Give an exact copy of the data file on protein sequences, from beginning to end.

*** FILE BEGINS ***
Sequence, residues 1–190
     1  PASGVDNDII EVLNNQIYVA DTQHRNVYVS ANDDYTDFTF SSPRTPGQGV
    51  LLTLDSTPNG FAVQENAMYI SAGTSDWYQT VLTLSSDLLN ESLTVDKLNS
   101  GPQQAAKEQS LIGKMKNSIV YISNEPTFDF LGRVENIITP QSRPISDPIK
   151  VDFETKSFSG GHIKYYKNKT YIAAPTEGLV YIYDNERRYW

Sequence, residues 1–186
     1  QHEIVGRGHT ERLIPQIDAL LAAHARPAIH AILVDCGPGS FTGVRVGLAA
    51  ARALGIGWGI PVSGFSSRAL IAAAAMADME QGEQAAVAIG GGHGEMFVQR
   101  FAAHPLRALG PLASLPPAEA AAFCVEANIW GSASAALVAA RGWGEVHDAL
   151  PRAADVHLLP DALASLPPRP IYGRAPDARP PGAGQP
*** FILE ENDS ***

Sequence, residues 1–190
     1  PASGVDNDII EVLNNQIYVA DTQHRNVYVS ANDDYTDFTF SSPRTPGQGV
    51  LLTLDSTPNG FAVQENAMYI SAGTSDWYQT VLTLSSDLLN ESLTVDKLNS
   101  GPQQAAKEQS LIGKMKNSIV YISNEPTFDF LGRVENIITP QSRPISDPIK
   151  VDFETKSFSG GHIKYYKNKT YIAAPTEGLV YIYDNERRYW

Sequence, residues 1–186
     1  QHEIVGRGHT ERLIPQIDAL LAAHARPAIH AILVDCGPGS FTGVRVGLAA
    51  ARALGIGWGI PVSGFSSRAL IAAAAMADME QGEQAAVAIG GGHGEMFVQR
   101  FAAHPLRALG PLASLPPAEA AAFCVEANIW GSASAALVAA RGWGEVHDAL
   151  PRAADVHLLP DALASLPPRP IYGRAPDARP PGAGQP